• Pitch investors with video. Do you think you’re sitting on the next big idea? Whether part of your start-up strategy involves knocking on the doors of investors you know or turning to the web to generate support through crowd-funding, a brief, well-produced video can provide the critical elements of your pitch for you and have people lining up to be a part of your company’s initial growth.
Fifteen years ago, companies were trying to figure out how to establish their place on the web. Five years ago, they were integrating Twitter into their marketing strategies, and today, video is a key component they cannot ignore. The tips above offer easy-to-implement video tactics that any business can integrate into their overarching marketing strategies in no time at all.
By Sarah Quinn April 6, 2016
One of the biggest problems we face as video marketers is competing with the 300 hours of YouTube footage that’s uploaded every minute. There’s a lot of competition out there – and considering viewers are bombarded with ads every day – it’s hardly surprising that people switch off when another business video appears on their screens.
But don’t give up hope just yet! Video marketing is an awesome tool that will bring customers to your business:
In fact… 76% of businesses told us that video has significantly improved their ROI.
So what you need to do is focus on your video strategy, and that’s why I’ve put together 6 examples of businesses that are killing it with video marketing, to see what we can learn…
This is a company that is known for spending very little on advertising, yet it’s reported to be worth $10 billion!
So how have they done it?
In addition to their user-friendly product, Dropbox is a great example of a company that knows good video marketing. Check out their YouTube channel and you’ll find a great combination of different types of videos that set out to achieve different goals.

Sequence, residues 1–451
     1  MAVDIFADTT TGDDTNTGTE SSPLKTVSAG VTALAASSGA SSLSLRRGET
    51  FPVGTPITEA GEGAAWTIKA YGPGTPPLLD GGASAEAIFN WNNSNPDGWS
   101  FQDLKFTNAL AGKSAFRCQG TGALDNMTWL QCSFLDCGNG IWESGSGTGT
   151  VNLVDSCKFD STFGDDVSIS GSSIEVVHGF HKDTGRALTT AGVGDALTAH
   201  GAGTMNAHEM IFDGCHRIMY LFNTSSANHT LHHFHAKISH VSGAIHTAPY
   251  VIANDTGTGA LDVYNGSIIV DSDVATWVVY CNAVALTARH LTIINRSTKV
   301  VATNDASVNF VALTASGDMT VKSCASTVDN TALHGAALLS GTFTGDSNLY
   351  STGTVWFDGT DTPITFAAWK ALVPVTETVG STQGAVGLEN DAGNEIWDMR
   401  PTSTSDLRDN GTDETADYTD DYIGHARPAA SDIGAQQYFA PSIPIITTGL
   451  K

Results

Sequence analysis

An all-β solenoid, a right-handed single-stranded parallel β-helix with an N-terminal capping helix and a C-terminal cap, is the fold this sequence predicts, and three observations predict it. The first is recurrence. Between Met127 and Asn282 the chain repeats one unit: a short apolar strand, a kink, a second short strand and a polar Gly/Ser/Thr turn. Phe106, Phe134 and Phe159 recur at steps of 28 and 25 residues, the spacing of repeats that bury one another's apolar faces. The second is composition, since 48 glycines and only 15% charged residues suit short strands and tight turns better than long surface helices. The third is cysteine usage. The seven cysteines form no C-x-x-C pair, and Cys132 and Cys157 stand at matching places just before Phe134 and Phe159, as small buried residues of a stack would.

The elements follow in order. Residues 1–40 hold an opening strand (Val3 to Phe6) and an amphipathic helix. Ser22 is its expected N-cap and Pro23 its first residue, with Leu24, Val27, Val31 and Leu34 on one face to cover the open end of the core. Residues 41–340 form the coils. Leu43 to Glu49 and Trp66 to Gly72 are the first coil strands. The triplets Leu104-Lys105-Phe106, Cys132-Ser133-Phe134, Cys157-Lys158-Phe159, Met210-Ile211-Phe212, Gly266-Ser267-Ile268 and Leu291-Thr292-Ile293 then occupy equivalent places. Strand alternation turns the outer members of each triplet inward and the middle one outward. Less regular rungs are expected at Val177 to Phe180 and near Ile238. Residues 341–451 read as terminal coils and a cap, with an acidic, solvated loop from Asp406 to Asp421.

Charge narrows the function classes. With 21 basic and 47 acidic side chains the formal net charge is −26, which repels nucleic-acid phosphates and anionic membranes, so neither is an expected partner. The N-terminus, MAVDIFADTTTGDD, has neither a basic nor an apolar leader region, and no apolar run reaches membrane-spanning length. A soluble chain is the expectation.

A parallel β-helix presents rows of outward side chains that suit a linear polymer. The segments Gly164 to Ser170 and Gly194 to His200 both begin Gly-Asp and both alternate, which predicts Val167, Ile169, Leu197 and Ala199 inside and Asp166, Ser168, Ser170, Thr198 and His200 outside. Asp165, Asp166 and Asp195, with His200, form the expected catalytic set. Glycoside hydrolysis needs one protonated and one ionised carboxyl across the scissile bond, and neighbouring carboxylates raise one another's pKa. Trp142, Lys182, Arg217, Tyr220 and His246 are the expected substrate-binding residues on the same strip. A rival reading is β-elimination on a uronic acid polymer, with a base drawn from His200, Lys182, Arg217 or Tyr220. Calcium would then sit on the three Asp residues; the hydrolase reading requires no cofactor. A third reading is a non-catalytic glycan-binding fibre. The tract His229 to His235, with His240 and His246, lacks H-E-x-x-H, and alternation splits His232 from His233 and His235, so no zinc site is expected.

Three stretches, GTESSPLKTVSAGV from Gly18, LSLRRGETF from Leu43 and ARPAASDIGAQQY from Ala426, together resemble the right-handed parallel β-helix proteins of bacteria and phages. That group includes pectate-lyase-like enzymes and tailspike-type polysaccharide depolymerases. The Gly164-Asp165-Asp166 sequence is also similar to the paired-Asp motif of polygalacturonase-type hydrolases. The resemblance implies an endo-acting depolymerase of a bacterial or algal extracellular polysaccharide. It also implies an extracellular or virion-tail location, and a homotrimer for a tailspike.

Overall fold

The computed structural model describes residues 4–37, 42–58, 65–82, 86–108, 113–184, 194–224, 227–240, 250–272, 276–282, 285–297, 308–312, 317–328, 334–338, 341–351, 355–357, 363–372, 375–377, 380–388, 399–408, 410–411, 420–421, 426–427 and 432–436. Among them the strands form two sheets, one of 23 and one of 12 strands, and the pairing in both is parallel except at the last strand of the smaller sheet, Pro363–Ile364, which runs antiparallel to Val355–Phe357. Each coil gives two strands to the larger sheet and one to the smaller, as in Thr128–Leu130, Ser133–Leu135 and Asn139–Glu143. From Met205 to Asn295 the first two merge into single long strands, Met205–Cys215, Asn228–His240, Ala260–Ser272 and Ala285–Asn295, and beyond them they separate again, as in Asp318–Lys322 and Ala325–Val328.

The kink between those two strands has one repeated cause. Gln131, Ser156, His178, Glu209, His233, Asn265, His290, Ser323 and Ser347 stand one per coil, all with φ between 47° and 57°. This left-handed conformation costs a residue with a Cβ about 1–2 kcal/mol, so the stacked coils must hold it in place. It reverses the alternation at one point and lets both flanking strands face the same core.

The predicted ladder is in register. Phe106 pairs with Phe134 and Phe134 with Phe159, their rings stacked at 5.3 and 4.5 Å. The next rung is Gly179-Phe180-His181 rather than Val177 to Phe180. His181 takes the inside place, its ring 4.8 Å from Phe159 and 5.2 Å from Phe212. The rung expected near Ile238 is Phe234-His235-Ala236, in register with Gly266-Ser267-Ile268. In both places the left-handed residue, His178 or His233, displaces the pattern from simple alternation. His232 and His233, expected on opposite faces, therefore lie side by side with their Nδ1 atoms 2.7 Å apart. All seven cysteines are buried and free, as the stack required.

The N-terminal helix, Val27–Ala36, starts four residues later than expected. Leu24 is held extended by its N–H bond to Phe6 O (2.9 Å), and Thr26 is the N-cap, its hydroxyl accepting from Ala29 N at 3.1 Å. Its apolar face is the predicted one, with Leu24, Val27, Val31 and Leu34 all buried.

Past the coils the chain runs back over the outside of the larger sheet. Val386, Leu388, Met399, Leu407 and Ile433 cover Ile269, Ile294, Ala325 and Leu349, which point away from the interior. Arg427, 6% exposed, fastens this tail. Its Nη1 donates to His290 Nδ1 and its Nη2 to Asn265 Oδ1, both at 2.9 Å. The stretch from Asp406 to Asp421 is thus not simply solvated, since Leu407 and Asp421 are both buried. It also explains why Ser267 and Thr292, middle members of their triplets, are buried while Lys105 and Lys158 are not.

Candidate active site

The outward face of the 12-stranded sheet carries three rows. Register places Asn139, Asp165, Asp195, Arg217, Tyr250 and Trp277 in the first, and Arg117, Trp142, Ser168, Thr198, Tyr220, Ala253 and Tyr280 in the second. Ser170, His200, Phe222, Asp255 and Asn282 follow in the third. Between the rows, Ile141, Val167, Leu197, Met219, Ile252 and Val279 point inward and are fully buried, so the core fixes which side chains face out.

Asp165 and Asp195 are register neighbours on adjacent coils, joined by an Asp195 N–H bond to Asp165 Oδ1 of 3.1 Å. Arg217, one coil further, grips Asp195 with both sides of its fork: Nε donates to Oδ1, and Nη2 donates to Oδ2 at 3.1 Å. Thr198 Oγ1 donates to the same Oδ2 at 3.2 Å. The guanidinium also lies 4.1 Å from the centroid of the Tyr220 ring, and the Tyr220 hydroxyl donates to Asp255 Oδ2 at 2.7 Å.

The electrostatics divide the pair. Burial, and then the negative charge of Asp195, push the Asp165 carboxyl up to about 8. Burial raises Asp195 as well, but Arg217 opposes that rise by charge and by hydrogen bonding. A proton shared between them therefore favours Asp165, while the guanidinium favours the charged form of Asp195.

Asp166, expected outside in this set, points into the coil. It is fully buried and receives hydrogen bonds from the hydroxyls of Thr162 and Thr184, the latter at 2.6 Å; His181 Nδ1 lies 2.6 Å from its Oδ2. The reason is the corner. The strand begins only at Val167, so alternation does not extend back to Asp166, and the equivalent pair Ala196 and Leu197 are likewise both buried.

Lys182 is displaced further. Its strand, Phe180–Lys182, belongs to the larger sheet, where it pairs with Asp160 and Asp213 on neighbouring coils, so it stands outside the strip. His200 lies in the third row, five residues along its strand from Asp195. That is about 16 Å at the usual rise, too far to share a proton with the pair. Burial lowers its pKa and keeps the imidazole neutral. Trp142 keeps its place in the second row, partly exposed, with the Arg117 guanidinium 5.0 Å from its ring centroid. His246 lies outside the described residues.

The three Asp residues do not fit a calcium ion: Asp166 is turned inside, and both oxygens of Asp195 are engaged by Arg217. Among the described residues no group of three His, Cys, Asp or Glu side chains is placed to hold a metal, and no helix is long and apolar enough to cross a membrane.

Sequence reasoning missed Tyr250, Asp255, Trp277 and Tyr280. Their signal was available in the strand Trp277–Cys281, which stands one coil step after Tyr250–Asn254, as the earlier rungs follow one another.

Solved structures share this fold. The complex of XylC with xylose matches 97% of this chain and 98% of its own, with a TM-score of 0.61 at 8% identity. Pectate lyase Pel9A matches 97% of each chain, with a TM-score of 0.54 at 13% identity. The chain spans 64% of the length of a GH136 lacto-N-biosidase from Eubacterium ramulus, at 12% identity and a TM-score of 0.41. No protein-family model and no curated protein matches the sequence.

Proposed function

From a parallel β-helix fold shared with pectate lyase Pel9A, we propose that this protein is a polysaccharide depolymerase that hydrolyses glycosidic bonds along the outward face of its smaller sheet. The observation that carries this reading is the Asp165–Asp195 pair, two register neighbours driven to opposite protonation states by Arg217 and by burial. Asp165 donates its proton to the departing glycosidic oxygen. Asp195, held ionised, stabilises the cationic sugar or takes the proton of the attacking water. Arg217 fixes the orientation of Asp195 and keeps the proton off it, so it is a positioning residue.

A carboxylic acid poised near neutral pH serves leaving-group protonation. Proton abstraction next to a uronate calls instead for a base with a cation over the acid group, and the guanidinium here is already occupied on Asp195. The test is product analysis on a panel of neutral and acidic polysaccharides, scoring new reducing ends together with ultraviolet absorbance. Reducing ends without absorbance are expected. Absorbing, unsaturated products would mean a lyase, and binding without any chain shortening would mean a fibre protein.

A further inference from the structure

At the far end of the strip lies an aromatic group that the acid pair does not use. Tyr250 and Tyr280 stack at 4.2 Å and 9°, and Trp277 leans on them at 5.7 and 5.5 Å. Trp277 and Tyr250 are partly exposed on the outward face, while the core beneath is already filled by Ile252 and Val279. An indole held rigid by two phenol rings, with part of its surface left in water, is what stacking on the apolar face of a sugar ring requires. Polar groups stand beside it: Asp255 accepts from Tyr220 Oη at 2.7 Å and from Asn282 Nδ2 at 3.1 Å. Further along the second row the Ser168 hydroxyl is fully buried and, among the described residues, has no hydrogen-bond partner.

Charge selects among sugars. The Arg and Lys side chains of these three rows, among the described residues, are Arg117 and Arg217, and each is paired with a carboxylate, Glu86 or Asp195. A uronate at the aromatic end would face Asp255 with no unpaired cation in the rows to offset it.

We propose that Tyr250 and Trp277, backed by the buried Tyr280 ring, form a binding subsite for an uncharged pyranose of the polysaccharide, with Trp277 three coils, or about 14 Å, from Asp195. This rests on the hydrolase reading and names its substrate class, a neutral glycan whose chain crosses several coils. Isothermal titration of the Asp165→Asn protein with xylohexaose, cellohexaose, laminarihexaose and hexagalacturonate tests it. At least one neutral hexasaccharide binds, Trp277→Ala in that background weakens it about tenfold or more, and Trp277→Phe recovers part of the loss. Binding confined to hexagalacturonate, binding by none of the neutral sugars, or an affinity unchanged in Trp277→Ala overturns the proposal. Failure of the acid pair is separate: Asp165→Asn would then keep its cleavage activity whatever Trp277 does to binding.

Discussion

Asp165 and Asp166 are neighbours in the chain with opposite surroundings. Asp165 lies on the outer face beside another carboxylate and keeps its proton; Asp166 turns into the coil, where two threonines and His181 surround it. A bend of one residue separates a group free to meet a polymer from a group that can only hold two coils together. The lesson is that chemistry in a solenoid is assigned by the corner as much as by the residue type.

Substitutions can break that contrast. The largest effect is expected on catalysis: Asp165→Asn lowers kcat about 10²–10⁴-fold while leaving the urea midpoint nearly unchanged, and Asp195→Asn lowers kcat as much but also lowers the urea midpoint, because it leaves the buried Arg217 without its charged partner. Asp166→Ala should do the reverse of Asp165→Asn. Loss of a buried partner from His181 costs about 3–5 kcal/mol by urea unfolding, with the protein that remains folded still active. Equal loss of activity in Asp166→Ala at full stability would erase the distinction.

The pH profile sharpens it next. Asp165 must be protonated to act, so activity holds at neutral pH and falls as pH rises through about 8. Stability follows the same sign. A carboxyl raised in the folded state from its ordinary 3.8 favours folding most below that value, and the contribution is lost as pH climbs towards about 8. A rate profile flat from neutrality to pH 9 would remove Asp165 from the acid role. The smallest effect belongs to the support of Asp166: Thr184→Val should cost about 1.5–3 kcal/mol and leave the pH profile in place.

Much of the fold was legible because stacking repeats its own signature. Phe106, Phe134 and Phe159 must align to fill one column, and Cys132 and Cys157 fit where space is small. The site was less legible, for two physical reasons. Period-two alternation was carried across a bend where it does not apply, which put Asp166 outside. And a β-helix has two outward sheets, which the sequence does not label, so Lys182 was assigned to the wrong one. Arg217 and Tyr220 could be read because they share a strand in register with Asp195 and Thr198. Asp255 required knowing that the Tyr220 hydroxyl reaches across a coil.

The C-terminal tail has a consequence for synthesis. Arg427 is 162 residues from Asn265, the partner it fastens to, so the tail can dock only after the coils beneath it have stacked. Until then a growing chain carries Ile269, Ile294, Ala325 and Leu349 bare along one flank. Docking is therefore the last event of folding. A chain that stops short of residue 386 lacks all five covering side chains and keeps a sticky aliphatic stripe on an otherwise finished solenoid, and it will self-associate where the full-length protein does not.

For example, they create simple explainer videos that help viewers understand how to use the platform, testimonials that build trust amongst potential customers, and cover various events that showcase the face behind the brand.
Take a look at this explainer video example of how Dropbox works. It’s simplistic style helps to convey the benefits of the platform, whilst teaching the viewer how to use it.
Ever since it raced onto the scenes back in 2012 as a direct competitor of Uber, Lyft has taken over the driving world and is today worth an incredible 5.5 billion.
Lyft has fast become a solid content marketer, especially when it comes to their videos. They’ve recently adopted an interesting strategy in which they collaborate with celebrities to produce ‘undercover’ videos to drive along with customers and prank them, which makes for a really fun shareable piece of content.
One of the great things about Lyft is that the company manages to create content for both their drivers, and their customers. They use the power of User Generated Content to produce videos that show drivers sharing their experiences, they create tutorials on how to use the app, and they introduce new products using videos.
This ‘Community Portraits’ video is a great example of how the company speaks to both audiences. It highlights the benefits of what Lyft can do for a driver, and it builds trust for customers wanting to use the service as it gives insight into the world of a Lyft driver.
This social network started 13 years ago and in 2015 pulled in an impressive $2.99 billion in revenue! As you’d expect, their video marketing has a huge emphasis on connecting professionals with careers, and their videos are nothing short of inspiring. Check out this one below as the perfect example…
They also produce videos with top tips on how users can optimize their Linkedin profiles for the best results, webinars from various business speakers including Richard Branson, and they even offer a glimpse into their own office culture by creating ‘Life @ Linkedin’ videos.
Just last year it was announced that Airbnb is worth $25.5 billion which is pretty good going considering the company practically came out of nowhere and took over the travel industry.